Is it possible that Mr Goldin and colleagues didn't understand this elementary bit of business economics? No, it's likely that they understood it perfectly well - and in any case, Space Future explained it in _Aerospace America_ years ago (April 1997, Vol 35, No 4, p 8). But NASA's leaders have an agenda: They want to argue that business can't finance "reusable launch vehicles" - and so taxpayers have to give NASA more money.

2) Mr Goldin avoided even mentioning the launch market that is hundreds of times larger than the satellite launch market - that is, passenger carrying. Only passenger-carrying offers the possibility of large-scale operations involving tens of flights/day of tens of vehicles. This is how airlines have reduced the cost of air travel so amazingly - not through massive government expenditure on developing new technology so that an unpiloted cargo plane could be profitable with just a few flights/month.

By carefully avoiding the subject of passenger carrying, Mr Goldin conveniently obscures the fact that, by contrast to the hopelessly uncommercial "Venture Star", it would be possible to repay a similar, or even greater, investment developing a passenger carrying vehicle because the passenger space travel market is hundreds of times larger. The overriding interest of the American people concerning space is to have low-cost passenger access to space as soon as possible. This interest is both personal, since a majority of the US population wish to travel to space, and economic, since developing a space tourism industry will greatly benefit the US economy.

By ignoring this, Mr Goldin is trying to confuse the American people into` believing that since it isn't possible to fund a "shuttle replacement" commercially then there is no alternative but to keep giving NASA more money. But this is untrue. The best way to realise space tourism is to aim straight at it, by developing passenger-carrying vehicles through collaboration between the space and aviation industries. But NASA's current leaders believe that their overriding interest is to get more government funding, and tourism is seen as a threat to this. And so Mr Goldin conveniently avoids the subject.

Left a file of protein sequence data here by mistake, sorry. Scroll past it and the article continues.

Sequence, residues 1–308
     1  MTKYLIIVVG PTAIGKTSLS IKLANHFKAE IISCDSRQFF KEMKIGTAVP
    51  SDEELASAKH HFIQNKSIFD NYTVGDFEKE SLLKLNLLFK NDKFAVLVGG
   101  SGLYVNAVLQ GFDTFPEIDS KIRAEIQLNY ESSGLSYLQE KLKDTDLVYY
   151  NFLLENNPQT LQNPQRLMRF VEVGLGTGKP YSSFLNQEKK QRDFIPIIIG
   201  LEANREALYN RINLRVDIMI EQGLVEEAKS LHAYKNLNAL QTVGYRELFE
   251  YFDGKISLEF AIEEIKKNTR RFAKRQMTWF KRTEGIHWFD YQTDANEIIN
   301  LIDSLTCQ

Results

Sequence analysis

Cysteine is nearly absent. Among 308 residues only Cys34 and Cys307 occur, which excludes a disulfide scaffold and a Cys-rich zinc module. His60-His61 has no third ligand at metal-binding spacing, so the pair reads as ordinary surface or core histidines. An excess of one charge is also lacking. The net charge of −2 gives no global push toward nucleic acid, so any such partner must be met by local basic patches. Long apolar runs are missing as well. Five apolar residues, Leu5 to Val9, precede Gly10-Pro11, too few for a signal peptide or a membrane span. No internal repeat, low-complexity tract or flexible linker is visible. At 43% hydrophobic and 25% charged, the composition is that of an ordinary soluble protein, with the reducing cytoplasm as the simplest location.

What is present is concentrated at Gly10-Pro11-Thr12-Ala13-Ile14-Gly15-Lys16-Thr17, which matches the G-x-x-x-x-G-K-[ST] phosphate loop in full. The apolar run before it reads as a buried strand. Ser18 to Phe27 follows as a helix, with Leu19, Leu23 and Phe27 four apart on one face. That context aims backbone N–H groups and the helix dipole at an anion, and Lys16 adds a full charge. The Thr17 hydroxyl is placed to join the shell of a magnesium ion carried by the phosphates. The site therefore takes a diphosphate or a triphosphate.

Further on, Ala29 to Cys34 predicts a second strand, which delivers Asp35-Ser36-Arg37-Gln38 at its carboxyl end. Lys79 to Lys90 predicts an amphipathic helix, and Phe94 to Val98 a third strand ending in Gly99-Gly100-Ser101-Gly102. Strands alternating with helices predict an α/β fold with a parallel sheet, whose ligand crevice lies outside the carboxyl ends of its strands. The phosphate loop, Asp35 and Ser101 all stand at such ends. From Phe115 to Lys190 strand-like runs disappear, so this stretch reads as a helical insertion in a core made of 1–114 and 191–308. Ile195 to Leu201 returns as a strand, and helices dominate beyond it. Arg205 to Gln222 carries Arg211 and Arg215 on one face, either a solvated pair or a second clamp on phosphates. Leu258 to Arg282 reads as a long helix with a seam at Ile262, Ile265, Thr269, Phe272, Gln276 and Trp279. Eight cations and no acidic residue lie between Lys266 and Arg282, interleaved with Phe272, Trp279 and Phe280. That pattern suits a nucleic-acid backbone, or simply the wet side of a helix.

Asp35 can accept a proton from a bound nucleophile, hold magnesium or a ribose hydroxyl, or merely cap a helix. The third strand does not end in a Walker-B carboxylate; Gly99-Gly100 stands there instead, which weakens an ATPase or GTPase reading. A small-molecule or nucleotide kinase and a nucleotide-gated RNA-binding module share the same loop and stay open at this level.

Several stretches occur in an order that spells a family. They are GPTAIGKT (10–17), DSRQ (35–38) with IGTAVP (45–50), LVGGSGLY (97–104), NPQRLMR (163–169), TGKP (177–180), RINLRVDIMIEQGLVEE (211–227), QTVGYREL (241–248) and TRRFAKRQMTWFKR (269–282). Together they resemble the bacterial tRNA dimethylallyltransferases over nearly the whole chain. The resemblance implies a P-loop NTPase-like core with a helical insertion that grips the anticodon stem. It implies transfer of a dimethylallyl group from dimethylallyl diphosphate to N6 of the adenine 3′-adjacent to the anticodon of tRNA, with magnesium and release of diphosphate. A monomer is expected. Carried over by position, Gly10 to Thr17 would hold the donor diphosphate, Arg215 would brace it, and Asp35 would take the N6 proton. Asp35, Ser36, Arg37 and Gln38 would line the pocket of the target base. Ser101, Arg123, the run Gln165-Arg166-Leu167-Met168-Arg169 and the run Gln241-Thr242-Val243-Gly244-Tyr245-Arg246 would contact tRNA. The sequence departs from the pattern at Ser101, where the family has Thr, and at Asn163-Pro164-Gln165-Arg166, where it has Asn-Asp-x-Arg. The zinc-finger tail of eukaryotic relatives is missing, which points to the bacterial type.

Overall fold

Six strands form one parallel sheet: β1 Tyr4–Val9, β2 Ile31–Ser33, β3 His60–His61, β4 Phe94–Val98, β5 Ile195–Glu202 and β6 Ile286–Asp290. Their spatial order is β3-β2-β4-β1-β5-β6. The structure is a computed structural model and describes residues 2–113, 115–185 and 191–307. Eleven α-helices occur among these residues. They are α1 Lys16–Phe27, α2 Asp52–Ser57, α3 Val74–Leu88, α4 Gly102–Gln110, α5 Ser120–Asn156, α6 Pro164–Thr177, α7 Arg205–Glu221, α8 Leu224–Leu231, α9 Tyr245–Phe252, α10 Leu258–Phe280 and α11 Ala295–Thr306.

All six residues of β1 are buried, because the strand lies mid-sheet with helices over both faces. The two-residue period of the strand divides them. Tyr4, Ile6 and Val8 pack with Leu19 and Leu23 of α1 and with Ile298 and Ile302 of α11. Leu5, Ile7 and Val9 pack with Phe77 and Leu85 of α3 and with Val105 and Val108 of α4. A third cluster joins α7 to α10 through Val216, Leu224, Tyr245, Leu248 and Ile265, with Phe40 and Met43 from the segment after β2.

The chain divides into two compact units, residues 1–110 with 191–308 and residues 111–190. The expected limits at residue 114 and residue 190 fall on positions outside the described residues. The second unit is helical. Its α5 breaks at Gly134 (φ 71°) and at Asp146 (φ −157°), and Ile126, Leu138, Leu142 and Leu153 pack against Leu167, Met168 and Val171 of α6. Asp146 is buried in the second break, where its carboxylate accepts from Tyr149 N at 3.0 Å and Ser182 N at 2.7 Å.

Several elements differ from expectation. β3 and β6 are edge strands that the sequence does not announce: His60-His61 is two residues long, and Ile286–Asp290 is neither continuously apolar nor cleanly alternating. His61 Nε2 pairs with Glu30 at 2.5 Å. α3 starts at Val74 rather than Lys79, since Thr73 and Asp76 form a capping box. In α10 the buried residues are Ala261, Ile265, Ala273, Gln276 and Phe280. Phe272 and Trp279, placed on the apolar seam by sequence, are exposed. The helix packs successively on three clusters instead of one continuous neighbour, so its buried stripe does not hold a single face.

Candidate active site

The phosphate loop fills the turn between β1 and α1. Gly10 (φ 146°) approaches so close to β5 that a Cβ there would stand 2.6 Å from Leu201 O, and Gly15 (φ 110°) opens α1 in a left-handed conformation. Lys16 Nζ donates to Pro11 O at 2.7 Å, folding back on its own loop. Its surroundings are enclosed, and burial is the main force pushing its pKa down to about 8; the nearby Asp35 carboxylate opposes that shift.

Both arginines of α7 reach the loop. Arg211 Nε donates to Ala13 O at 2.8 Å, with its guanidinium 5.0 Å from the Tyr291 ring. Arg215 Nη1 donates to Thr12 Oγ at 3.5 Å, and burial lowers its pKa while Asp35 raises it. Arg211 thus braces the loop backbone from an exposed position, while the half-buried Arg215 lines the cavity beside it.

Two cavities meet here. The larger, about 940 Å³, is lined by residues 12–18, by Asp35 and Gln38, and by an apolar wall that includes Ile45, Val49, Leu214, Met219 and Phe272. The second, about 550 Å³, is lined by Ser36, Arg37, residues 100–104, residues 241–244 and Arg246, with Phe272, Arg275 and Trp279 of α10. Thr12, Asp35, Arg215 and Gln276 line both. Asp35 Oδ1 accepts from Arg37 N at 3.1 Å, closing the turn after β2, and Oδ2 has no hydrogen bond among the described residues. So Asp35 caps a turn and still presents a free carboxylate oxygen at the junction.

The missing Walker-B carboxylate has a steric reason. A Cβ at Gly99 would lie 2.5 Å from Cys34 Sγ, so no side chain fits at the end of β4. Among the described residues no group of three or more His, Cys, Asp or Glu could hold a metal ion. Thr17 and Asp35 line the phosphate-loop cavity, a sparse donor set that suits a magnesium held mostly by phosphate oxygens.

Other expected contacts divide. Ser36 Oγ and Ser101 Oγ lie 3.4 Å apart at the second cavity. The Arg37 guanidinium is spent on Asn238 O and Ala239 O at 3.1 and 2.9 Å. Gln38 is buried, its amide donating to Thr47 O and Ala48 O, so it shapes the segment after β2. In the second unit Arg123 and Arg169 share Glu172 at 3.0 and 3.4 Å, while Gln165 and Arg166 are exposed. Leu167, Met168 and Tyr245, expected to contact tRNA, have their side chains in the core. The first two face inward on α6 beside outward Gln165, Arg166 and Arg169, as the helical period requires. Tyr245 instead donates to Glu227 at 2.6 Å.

The Space News article continues: "Instead, Goldin believes that more
investment is needed by NASA to develop the technologies needed for future RLVs. However, he noted that NASA's budget is unlikely to increase in the foreseeable future, making it difficult to find the funding needed to support such projects."

But Mr Goldin is being disingenuous, because the X-33 and Venture Star projects are of rather little relevance to developing passenger space travel services. For a start, both vehicles are unpiloted and are not designed to carry passengers. Second, they operate more like missiles than aircraft, having significant periods during flight when it is not possible to survive an accident - which is unacceptable for passenger-carrying, and so will not be licensed by the FAA.